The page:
It feels as though she can't control her emotions and finally breaks down. She forgets about the reader and focuses on her children. She is asking for some understanding when she says, "Believe that in my deliberateness I was not deliberate. . .
Analysis of The Mother by Gwendolyn Brooks For this assignment, I chose the poem "The Mother" by Gwendolyn Brooks. This poem is generally about abortion and the feelings a mother has. It's about the remembrance of the children aborted and the little things children do that the mother will miss. Many images are conveyed throughout this entire poem. When Brooks mentions "the singers and workers that never handled the air" it gives off an air of sadness.
Analysis of “The Story of An Hour” The short story “The Story of An Hour” is a story filled with situation, verbal, and dramatic irony; with the themes of love and the quest for identity. Situation irony occurs in the beginning when Mrs. Mallard got the news about her husband’s death. Her sister Josephine was the one to tell her the sad news. Mrs. Mallard was sad, which is what the narrator sets you to think by saying “she wept at once, with sudden, wild abandonment, in her sister’s arms.” The way the narrator used the words “wept” and “abandonment” gives the reader the image of her crying and feeling discarded. After the situational irony comes a metaphor that Chopin hits the readers with cleverly by saying “... pressed down by a physical
Sylvia Plath may be one of the most remarkable and idolized modern poets of the twentieth century. Sylvia Plath had an emotional life, and a troublesome past with her father's death, insecurities because of self-doubt, a tragic break up with her husband and severe depression, leading to her suicide in 1963. These tragic events in Plath’s life played a vast part in her career as a poet and novelist, by inspiring her to create her melancholy and notorious masterpieces. Born on October 27, 1932, in Boston, Massachusetts, Sylvia Plath was the daughter of Otto and Aurelia Plath. Growing up during the Great Depression, the family lived under Mr. Plath's care until he became sick with diabetes, dying shortly after Sylvia's eighth birthday.
The grief shown by a mother and father is a major theme when comparing the approach of mourning in the two elegies. Katherine Philips gained a lot of attention as a poet after writing “On the Death of My Dearest Child, Hector Philips”. This poem was written in a way to give readers an emotional account of a mother mourning the experience of losing her child. Philips expressed deep emotions from a maternal standpoint in the elegy. Unlike Jonson, Philips had the unspoken right of claiming a deep maternal connection with her son through pregnancy and childbirth.
Gilead also prohibits the handmaids from being mothers to their previously born children, meaning before Gilead was created, for instance, Offred, who is separated from her daughter. Thus it is evident that Margaret Atwood generates a state that views birth only as growth in population rather than the beginning of a relationship between mother and child. The epigraph in The Handmaid’s Tale amplifies the importance of fertility in Gilead. The quotation at the beginning of the book ‘‘And when Rachel saw the she bare Jacob no children, Rachel envied her sister, and said unto Jacob, Give me children or else I die...And she said, Behold my maid Bilhah, go in unto her; and she shall bear upon my knees,that I may also have children by her.’’ makes it seem that Gilead wants to go back to traditional values, thus manipulates its citizens that their ideology is correct since it corresponds with what the Bible says. Consequently, this state is telling its citizens that a woman’s worthiness only depends if she is able to produce or not.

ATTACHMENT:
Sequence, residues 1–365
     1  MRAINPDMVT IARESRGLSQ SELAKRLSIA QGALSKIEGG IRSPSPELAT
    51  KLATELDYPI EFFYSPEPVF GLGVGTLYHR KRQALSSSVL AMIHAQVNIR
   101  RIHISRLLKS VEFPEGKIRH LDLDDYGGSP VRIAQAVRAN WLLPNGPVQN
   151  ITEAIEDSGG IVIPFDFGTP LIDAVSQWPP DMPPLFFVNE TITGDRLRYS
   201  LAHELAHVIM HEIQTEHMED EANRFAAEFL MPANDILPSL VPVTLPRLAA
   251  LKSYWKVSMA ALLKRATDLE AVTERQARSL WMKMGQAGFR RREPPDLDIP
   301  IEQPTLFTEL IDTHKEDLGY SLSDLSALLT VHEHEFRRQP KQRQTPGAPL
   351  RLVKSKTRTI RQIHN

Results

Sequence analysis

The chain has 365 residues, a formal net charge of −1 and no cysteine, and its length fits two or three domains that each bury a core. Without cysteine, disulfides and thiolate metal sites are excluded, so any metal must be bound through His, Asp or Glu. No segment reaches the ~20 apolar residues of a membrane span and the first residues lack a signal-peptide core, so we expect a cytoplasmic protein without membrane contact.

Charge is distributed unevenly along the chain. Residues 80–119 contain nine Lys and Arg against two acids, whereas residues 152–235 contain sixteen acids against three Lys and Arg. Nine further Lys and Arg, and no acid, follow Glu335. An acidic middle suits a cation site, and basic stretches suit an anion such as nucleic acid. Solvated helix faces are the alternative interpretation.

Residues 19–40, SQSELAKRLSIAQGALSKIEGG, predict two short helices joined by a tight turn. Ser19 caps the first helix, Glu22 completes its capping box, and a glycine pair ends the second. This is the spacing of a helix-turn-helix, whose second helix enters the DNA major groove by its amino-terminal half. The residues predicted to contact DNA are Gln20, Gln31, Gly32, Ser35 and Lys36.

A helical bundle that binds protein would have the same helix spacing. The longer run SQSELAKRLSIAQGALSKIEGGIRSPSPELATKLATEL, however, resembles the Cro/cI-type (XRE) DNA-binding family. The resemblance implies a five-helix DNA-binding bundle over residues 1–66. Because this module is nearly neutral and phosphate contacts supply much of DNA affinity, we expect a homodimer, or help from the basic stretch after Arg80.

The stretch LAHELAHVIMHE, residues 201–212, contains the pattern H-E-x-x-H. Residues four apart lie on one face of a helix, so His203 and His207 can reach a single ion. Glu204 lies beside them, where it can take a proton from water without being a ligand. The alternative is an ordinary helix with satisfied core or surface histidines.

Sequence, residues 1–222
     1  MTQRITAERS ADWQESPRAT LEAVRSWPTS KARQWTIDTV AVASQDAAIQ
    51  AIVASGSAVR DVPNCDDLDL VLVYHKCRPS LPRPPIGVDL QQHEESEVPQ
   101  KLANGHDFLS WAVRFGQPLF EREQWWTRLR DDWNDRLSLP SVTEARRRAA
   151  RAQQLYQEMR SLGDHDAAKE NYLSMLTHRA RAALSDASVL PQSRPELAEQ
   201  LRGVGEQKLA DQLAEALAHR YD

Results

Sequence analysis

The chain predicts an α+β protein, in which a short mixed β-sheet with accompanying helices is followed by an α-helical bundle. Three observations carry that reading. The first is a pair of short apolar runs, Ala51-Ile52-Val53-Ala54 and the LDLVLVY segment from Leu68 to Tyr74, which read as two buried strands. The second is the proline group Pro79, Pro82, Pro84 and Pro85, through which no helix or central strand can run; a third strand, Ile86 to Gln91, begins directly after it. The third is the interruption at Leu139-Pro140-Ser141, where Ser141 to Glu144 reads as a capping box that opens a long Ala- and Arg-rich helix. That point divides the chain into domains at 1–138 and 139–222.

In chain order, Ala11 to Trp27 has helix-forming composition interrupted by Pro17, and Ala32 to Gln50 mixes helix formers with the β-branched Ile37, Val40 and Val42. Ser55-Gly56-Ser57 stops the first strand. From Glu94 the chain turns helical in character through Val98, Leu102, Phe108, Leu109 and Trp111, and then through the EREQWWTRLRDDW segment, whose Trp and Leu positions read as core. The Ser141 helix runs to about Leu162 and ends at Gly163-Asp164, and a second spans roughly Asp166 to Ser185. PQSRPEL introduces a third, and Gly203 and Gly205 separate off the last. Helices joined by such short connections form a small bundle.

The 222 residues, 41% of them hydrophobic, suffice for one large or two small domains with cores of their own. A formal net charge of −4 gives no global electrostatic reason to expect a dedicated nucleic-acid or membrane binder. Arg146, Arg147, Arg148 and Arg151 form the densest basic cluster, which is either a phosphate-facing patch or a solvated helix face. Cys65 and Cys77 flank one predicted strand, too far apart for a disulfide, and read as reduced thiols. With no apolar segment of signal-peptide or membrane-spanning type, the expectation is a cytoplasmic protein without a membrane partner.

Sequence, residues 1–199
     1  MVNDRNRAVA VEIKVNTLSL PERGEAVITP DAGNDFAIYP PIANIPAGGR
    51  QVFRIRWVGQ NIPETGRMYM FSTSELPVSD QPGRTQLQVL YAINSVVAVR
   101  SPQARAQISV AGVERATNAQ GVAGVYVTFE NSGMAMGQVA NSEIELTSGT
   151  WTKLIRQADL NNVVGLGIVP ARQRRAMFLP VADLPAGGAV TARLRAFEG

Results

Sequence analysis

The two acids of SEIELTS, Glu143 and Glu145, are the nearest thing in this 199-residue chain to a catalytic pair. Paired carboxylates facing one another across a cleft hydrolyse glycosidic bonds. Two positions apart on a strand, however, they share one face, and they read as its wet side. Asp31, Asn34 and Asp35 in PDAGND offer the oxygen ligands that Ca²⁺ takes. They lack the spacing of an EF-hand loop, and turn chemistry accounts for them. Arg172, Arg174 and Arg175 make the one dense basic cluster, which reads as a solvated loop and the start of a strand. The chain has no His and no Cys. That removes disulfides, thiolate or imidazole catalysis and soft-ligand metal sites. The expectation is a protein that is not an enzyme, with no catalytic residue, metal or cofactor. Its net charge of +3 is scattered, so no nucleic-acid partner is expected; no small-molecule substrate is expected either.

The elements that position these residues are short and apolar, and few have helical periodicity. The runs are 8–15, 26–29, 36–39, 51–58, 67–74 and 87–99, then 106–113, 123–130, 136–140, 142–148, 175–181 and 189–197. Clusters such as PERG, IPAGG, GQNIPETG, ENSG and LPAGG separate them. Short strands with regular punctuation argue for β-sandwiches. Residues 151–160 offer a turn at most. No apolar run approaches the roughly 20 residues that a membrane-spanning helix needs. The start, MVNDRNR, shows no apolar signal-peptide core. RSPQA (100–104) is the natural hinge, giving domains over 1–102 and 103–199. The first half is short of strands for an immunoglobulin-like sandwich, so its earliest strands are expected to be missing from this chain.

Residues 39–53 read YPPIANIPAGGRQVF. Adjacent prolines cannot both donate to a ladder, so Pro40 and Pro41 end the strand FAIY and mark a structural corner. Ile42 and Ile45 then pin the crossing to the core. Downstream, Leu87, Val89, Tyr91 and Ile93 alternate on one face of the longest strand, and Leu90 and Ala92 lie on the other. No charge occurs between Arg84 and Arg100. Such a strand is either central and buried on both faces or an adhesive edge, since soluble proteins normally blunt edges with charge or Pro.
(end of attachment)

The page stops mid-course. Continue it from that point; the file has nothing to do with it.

The two poems successfully bring about the emotions of sadness and loss by conflicting feelings dealing with death. Both the poems are narrated from the parent’s view addressing his or her child that has died or is about to, and this brings about emotions of grief in the reader as well. The two poems set the mood and atmosphere in the first stanza. In “Refugee mother and child” Chinua Achebe says “for a son she would soon have to forget” brings about sadness and loss because she cannot do anything about it and tells the reader the poem is about a dying son she cannot save. The reader can imagine what she is going through as a mother watching her child knowing he is about to die soon.
The poem is a journey of rationalization for one woman who attempts to come to terms with her own guilt and the ghosts of her unborn children. Though it appears that she does not accomplish this, it is certain she is seeking to make peace with her children. If not for their sake, for her own. The first line of the poem is the first sign that the poet is suffering from the guilt associated with abortions. Although Brooks is speaking in second person in this first section of the poem, it is clear that she is referring to herself.
She then turned to her writing and sealed herself off from society. She became depressed and tired to commit suicide. She later wrote the poem “Daddy” in 1962, to describe what she thought of her dad. While in High school, her story “And Summer Will Not Come Again” was published in the “Seventeen Again magazine”. In 1950, Sylvia Graduated from Bradford Senior High School first in her class.
Telling my family that I was pregnant was one of the scariest moments of my life. Even worse was being rushed into the hospital and being handed a life that I’ve created. After reading through the collections of poetry, I was struck by term “Daystar”, which means a brand new day would start, another day would end. He became my light in the darkness. The dichotomy of loving and fearing my sweet baby sums up my experience as a teen mother suffering post-partum depression.